Stop using the Wonder Wads dry. Contrary to their advertising claim, I've never found them to lubricate as well as a felt wad soaked in a good lubricant.
With dry wads, the last three inches or so of my revolver bores (toward the muzzle) are caked with fouling. With a greased felt wad, the bores are relatively clean right to the muzzle.
I use a well-greased wad between the ball and powder, seated separately before I seat the ball. There are good reasons for doing this:
a. If somehow I've forgotten to add powder, it's easier to remove a wad than a stuck ball at the range.
b. You get a better feel for how much pressure you're applying, so you don't crush the powder and affect its burning rate.
c. It keeps the powder in the chambers while you fumble around for a ball.
d. You get a better feel for how much pressure you're applying when seating the ball on the wad. There must be NO space between the ball and wad so seat the ball firmly on the seated wad.
As for lubricant, I make my own from a very old recipe that likely dates from the 19th century. It was originally a factory lubricant for heeled bullets, such as the .22 rimfires, the .32 Short and Long Colt, .38 Short and Long Colt and .41 Colt.
Converted to modern weights, using a kitchen scale, the recipe is:
200 grams paraffin --- I use canning paraffin, sold by the one-pound block, because of its purity. Who knows what's in today's candles, especially the scented ones.
200 grams tallow --- You may use lard but I use mutton tallow, sold by Dixie Gun Works. It seems to create a slicker lubricant.
100 grams beeswax --- Sold by hobby shops. Or call your local County Extension agent and find a beekeeper in your area, it's cheaper this way. You may also find beeswax at mountain man rendezvous' or Renaissance Fairs.
Weigh the ingredients and add them to a quart Mason jar. Place the filled jar in three or four inches of boiling water, for a double-boiler effect. This is the safest way to melt greases and waxes. When all ingredients are melted, stir well with a clean stick or disposable chopstick.
Allow to cool at room temperature. Hastening cooling by placing in the refrigerator may cause the ingredients to separate.
After the jarful of lubricant has hardened, get a clean tuna or pet food can. Add about two or three Tablespoons of lubricant to the can and place it on a burner at very low heat. You don't want to cook the lubricant, just melt it.
Now, add about 100 felt wads. Stir them around until they soak up the lubricant. Remove from heat and allow to cool. Snap a plastic pet-food lid over the cool can and you also have a container to store them in and take them to the range.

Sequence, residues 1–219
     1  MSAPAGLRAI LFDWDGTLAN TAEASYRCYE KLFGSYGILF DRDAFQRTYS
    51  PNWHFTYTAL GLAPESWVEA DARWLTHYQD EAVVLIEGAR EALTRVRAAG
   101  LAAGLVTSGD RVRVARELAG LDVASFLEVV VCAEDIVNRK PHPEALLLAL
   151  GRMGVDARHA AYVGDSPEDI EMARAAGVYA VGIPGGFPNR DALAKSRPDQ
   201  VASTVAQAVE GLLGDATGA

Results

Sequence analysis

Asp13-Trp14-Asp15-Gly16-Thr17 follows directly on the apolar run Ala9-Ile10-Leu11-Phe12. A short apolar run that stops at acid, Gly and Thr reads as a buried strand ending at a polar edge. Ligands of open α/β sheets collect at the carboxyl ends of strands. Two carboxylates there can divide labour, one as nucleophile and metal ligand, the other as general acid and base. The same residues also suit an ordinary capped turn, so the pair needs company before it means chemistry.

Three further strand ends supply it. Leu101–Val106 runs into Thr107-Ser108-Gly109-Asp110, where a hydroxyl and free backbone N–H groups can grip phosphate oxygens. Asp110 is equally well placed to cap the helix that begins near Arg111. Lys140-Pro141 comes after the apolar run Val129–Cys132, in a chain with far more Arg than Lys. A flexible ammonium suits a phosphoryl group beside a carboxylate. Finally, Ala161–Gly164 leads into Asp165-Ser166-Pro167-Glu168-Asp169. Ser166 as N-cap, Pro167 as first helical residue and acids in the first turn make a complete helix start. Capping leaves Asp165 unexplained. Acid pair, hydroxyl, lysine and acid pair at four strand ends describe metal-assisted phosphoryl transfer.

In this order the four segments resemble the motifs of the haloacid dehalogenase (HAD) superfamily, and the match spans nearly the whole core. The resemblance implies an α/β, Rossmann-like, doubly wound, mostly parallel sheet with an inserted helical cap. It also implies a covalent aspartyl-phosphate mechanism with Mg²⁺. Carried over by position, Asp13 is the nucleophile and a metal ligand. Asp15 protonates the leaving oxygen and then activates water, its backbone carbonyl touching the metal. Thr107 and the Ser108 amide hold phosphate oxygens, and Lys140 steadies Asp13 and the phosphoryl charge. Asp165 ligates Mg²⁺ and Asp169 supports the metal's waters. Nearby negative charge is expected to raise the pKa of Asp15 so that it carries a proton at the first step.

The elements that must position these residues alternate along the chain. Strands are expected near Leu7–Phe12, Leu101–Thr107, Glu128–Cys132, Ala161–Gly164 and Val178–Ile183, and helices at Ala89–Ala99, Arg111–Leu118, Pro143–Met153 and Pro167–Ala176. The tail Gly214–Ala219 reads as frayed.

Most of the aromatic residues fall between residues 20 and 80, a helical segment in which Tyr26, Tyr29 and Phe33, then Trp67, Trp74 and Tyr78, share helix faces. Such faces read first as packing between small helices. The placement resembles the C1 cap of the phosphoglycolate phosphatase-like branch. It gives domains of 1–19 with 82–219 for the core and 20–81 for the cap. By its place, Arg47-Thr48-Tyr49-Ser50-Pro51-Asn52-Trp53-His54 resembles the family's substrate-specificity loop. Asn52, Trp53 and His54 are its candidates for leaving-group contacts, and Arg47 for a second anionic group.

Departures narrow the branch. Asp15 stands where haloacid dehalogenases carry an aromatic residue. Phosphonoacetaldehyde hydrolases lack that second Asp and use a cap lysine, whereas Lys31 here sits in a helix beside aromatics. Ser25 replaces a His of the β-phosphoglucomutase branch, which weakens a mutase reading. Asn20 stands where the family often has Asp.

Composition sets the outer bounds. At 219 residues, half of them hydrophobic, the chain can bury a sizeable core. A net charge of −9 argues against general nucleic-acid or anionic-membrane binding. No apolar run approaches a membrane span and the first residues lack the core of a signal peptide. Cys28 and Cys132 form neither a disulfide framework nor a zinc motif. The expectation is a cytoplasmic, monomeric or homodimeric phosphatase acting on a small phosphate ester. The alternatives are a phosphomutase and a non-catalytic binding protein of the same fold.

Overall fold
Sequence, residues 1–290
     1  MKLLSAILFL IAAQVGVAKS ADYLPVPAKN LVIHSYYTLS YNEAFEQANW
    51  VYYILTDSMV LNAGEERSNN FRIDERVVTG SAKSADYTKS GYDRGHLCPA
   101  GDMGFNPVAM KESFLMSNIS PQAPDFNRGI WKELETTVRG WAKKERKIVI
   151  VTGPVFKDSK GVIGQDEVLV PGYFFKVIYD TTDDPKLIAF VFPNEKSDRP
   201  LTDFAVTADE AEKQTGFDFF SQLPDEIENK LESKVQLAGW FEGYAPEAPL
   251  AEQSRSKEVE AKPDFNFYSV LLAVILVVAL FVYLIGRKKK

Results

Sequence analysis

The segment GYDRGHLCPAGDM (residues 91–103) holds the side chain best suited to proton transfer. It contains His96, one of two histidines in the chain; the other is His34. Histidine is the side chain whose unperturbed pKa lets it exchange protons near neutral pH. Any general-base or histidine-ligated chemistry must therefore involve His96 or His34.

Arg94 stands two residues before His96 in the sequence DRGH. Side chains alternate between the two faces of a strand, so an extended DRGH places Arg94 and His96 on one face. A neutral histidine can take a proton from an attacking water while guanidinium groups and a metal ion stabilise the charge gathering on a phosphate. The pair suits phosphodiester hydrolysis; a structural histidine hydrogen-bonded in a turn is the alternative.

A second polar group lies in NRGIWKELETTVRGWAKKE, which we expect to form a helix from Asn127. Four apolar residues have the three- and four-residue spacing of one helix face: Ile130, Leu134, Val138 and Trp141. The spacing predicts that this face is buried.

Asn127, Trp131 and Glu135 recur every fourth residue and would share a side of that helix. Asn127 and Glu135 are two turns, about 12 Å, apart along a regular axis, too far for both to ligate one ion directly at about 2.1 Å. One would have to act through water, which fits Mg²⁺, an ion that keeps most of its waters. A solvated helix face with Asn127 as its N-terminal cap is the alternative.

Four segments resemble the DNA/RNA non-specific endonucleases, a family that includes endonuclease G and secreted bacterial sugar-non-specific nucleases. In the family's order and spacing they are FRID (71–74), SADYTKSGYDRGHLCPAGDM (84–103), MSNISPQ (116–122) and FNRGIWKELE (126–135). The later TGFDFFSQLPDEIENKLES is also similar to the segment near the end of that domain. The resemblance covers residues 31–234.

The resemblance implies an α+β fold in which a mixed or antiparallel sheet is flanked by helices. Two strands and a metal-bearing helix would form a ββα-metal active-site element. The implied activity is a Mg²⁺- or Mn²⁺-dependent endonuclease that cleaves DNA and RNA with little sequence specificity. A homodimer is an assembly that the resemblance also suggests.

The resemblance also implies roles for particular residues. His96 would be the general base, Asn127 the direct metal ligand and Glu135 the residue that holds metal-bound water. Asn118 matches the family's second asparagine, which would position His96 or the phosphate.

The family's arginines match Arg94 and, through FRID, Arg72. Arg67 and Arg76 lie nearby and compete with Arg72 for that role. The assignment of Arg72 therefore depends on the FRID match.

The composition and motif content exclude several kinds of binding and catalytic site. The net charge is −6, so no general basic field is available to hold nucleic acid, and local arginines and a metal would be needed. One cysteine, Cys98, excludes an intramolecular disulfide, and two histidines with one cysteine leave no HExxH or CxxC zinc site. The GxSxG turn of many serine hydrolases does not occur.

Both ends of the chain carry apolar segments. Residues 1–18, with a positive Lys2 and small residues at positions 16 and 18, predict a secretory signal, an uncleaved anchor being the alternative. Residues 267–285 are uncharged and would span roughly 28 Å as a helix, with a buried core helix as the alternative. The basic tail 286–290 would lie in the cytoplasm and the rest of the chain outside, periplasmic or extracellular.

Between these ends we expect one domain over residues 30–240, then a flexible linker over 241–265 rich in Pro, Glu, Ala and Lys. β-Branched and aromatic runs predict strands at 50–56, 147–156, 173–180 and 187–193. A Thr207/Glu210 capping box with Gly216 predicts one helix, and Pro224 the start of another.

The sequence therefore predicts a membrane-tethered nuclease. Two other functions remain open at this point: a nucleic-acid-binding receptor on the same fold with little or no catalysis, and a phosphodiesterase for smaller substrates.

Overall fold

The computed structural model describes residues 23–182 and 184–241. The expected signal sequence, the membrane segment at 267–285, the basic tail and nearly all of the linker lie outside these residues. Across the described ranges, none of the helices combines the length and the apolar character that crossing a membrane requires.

When you run low on wads simply reheat the can, add more lubricant and wads and stir until they're soaked. Don't bother squeezing out the excess lubricant; the more lube the better.
The paraffin in the above recipe is crucial, in my experience. It stiffens the felt wad and helps it to scrape out fouling.
As to procuring felt ...
a. Old cowboy hats or felt vests at the thrift store. Often hard to find but sometimes you luck out.
b. Felt weather stripping for windows, sold by Frost-King of New Jersey. Tru-Value Hardware stores sell Frost-King products. READ the package to ensure it's real felt and not polyester because Frost-King makes both kinds.
I use a .45-caliber wad punch sold by Buffalo Arms of Sandpoint, Idaho. A 7/16 wad punch may work fine. I use a 7/16" wad punch to make felt wads for my .44-40 rifle cartridges. A greased, felt wad between the lead bullet and black powder in the .44-40 doesn't reduce the powder capacity much and it keeps the bore much freer of fouling.
I rarely put lubricant over the ball in my cap and ball sixguns when I use a well-greased wad lubricated as above. I live in the Utah desert, where temperatures can reach 100 F (38 C) and 5 percent humidity. In these hot, dry conditions sometimes it helps to put grease over the ball to augment the greased wad and keep fouling soft.
In my .36 and .44 revolvers, I give the cylinder pin a good lubing with Crisco or CVA Grease Patch. With the use of lubricated wads, and a well-lubed pin, I can usually shoot six or seven cylinderfuls before the action drags. Actually, that's with the Colt, the Remington and its smaller pin usually go three or four cylinderfuls.
By the way, use lead balls in your revolver. I've never found any conical bullet as accurate as a lead ball of proper size. In the .44 calibers, this means a ball of .454 or .457 inch. These are sold by Speer and Hornady.
In the .36 calibers this means a ball of .378 to .380 inch --- which are hard to find. Order .380-inch balls from Warren Muzzleloading of Arkansas, off their website at www.warrenmuzzleloading.com
I personally vouch for the quality of their .380 balls. They are extremely well made and don't have the troublesome sprue that you find with cast balls.
Also, you'll usually find your best accuracy with real Black Powder. Use FFFG grade if you can get it but if you can't, then FFG will work. Black powder is usually sold at gun shows and mountain man rendezvous', if your local gun store doesn't stock it.